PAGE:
Type II isoforms of cyclic adenosine monophosphate (cAMP)–dependent protein kinase A (PKA-II) contain a phosphorylatable epitope within the inhibitory domain of RII subunits (pRII) with still unclear function. In vitro, RII phosphorylation occurs in the absence of cAMP, whereas staining of cells with pRII-specific antibodies revealed a cAMP-dependent pattern. In sensory neurons, we found that increased pRII immunoreactivity reflects increased accessibility of the already phosphorylated RII epitope during cAMP-induced opening of the tetrameric RII2:C2 holoenzyme. Accordingly, induction of pRII by cAMP was sensitive to novel inhibitors of dissociation, whereas blocking catalytic activity was ineffective. Also in vitro, cAMP increased the binding of pRII antibodies to RII2:C2 holoenzymes. Identification of an antibody specific for the glycine-rich loop of catalytic subunits facing the pRII-epitope confirmed activity-dependent binding with similar kinetics, proving that the reassociation is rapid and precisely controlled. Mechanistic modeling further supported that RII phosphorylation precedes cAMP binding and controls the inactivation by modulating the reassociation involving the coordinated action of phosphodiesterases and phosphatases.

Introduction

cAMP-dependent protein kinase A (PKA) was discovered nearly 50 yr ago (Walsh et al., 1968). The PKA catalytic (C) subunit was the first protein kinase to be crystalized and has been studied in great detail as a prototypic serine/threonine kinase (Walsh et al., 1968; Knighton et al., 1991; Taylor et al., 2012). All PKA isoforms are tetramers composed of a regulatory (R) dimer (R2) and two C-subunits activated by cAMP. Nevertheless, key aspects such as the process of activation and inactivation in the complex cellular environment still remain unclear (Smith et al., 2017).

PKA isoforms are important regulators of cell biological functions such as cell differentiation, survival, memory formation, and pain sensitization. R2:C2 holoenzymes are classified according to the R-subunit isoform (RIα, RIβ, RIIα, and RIIβ) as PKA-I and PKA-II, respectively. Binding of the C-subunit to the inhibitory sites of the respective R-subunit renders the kinase inactive, whereas allosteric binding of cAMP to two C-terminal tandem cAMP-binding domains (CNB-A and CNB-B) of the R-subunits unleashes the catalytic activity of the holoenzyme (Taylor et al., 1990, 2012; Herberg et al., 1996). Numerous early in vitro experiments showed that cAMP causes the physical separation of C- and R-subunits (Tao et al., 1970; Reimann et al., 1971; Corbin et al., 1972; Rubin et al., 1972; Beavo et al., 1974). Studies under more physiological conditions, however, suggested that cAMP rather induces an isoform-specific conformational change that opens the holoenzyme and is modulated by substrates (Johnson et al., 1993; Yang et al., 1995; Vigil et al., 2004). Supporting this, even fusion proteins of R- and C-subunits can reconstitute PKA functionality in cells (Smith et al., 2017). Therefore, at least for PKA-II, the model of full dissociation may not completely reflect the reality in cells. It remains to be clarified whether endogenous PKA-II is activated by full separation or partial dissociation only involving a conformational change leading to a more open conformation.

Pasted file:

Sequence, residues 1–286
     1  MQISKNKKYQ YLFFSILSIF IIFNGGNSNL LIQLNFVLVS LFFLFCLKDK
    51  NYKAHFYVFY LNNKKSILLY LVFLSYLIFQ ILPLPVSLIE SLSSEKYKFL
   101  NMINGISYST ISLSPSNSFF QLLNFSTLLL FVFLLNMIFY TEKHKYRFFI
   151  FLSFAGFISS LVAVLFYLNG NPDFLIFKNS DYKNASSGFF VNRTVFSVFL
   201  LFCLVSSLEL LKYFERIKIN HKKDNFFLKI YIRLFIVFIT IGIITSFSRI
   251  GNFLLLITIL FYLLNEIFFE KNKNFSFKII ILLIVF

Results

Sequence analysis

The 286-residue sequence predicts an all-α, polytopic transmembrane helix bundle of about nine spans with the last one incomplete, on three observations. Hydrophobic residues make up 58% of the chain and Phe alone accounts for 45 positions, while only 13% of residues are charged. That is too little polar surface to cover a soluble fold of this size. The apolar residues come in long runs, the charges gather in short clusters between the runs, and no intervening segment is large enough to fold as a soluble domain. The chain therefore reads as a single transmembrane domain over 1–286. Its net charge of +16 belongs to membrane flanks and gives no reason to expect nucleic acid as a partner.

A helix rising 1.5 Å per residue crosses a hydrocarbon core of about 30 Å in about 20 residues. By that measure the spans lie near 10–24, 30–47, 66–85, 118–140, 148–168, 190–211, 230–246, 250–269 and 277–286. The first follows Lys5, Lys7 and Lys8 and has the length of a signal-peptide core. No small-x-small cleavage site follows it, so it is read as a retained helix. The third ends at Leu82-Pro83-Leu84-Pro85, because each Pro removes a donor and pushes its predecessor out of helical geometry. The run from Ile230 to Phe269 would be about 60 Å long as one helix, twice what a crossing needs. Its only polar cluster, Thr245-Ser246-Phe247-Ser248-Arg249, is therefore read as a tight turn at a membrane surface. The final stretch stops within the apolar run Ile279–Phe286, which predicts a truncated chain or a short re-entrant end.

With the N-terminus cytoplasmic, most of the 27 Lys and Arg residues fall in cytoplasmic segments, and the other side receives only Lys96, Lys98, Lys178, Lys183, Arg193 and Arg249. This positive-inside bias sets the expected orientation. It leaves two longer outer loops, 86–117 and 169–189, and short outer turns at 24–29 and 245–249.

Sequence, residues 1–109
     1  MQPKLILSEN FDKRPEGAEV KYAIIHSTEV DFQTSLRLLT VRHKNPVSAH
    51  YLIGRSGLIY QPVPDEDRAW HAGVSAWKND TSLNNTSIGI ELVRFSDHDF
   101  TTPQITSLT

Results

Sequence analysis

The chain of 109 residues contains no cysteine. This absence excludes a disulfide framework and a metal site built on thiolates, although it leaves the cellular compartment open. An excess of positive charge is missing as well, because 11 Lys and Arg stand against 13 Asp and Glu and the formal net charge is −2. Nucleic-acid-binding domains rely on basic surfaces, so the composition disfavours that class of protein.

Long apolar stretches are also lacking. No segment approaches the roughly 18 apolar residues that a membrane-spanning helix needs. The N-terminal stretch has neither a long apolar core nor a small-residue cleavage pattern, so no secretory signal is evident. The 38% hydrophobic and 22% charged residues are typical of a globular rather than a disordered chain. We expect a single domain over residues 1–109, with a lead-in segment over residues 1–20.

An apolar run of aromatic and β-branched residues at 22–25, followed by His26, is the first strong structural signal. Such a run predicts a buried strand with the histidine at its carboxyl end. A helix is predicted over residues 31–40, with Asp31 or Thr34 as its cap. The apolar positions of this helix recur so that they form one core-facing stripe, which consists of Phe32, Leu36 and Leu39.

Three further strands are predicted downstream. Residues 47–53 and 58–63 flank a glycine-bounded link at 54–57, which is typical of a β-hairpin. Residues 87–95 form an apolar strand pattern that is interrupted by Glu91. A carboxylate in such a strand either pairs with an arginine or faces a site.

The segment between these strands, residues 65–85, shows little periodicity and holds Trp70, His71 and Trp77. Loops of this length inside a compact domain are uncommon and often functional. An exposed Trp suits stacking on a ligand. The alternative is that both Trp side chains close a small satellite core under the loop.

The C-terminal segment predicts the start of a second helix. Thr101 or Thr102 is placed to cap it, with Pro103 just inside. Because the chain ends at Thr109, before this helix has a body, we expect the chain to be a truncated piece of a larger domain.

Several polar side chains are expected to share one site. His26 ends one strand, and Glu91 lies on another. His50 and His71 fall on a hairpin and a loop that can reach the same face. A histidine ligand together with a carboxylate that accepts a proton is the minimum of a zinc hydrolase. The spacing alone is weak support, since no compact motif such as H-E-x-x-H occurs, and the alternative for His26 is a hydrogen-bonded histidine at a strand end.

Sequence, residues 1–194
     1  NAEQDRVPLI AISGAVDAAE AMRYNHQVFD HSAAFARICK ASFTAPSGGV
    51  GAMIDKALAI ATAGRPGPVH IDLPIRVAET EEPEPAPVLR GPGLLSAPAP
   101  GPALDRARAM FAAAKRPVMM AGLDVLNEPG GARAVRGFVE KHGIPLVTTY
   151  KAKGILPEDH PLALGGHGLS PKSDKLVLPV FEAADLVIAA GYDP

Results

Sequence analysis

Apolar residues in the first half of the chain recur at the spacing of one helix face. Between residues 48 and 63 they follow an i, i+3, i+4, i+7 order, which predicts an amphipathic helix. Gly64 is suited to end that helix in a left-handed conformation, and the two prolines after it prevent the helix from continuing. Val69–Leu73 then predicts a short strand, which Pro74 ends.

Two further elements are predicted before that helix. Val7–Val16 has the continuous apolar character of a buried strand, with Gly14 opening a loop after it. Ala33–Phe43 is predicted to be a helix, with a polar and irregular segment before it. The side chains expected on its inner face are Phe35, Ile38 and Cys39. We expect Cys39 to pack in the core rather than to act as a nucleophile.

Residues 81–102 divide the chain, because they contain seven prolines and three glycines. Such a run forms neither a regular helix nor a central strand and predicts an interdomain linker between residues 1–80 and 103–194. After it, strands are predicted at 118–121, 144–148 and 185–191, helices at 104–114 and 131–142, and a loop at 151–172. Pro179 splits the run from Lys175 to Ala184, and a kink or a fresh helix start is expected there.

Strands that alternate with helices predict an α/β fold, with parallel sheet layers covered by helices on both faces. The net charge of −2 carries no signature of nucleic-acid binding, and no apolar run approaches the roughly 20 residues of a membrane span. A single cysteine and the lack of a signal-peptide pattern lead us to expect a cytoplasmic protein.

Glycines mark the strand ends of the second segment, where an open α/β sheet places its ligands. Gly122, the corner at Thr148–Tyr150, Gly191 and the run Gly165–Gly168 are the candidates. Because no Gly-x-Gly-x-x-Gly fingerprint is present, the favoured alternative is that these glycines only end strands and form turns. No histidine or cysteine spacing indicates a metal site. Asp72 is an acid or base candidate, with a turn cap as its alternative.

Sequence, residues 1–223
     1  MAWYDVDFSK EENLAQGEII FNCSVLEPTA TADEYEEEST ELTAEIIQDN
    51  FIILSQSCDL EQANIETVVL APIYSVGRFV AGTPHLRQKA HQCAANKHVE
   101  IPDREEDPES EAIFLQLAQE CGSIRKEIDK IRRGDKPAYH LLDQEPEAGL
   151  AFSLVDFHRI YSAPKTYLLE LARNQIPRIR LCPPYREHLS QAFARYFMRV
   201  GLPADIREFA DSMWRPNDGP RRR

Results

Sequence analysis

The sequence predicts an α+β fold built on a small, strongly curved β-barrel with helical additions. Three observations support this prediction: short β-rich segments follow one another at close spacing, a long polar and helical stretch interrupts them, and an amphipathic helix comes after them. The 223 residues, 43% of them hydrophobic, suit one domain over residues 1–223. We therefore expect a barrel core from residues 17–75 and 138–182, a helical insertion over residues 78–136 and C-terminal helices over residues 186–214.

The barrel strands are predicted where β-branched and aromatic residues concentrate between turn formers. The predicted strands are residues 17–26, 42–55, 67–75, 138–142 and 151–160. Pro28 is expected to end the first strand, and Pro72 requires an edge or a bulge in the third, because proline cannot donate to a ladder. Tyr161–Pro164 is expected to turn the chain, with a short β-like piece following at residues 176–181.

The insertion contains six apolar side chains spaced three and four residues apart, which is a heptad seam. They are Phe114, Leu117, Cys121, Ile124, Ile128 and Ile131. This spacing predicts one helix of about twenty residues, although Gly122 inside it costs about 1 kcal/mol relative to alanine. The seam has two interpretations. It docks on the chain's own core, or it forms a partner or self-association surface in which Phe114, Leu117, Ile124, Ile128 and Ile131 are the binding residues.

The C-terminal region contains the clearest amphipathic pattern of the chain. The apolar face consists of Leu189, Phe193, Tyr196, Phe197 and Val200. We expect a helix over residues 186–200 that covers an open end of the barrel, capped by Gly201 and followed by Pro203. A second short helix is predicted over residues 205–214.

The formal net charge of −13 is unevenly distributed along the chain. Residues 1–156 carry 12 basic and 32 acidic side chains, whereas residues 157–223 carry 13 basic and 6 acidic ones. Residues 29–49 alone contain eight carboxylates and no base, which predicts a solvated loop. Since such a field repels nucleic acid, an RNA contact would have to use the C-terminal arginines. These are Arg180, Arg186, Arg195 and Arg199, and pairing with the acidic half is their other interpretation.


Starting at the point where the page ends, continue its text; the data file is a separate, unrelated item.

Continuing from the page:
The type I R-subunits inhibit C-subunits via nonphosphorylatable pseudosubstrates (RRxA/G). In contrast, inhibitory sites of RII-subunits are phosphorylatable substrates of the C-subunits (RRXS). Commonly, kinases quickly release their phosphorylated substrate to allow access to novel substrates. Indeed, phosphorylation of RII has been found to reduce the binding affinity to C-subunits (Erlichman et al., 1974; Zimmermann et al., 1999). Thus, it was assumed that activation of PKA-II occurred by (1) binding of cAMP to the R-subunits, followed by (2) phosphorylation of the inhibitory sites, leading to (3) the release of the then active C-subunits from the holoenzyme (Taylor et al., 1990). But recently, studies using cell homogenates and crystals of the PKA-RIIβ tetrameric holoenzyme (RIIβ2:C2) suggested that RII-subunits may skip the second step and are autophosphorylated already in the absence of cAMP (Manni et al., 2008; Zhang et al., 2012). Indeed, RIIβ-subunits are entirely phosphorylated while trapped in the inactive closed RIIβ2:C2 holoenzyme in RIIβ2:C2 crystals (Zhang et al., 2015). Thus, opening of the holoenzyme may be selectively controlled by cAMP and surrounding divalent ions but less, if at all, by phosphorylation of inhibitory sites. This suggests that the conserved phosphosite may be important for other aspects of PKA-II regulation, e.g., the process of inactivation during reassociation of RII- and C-subunits.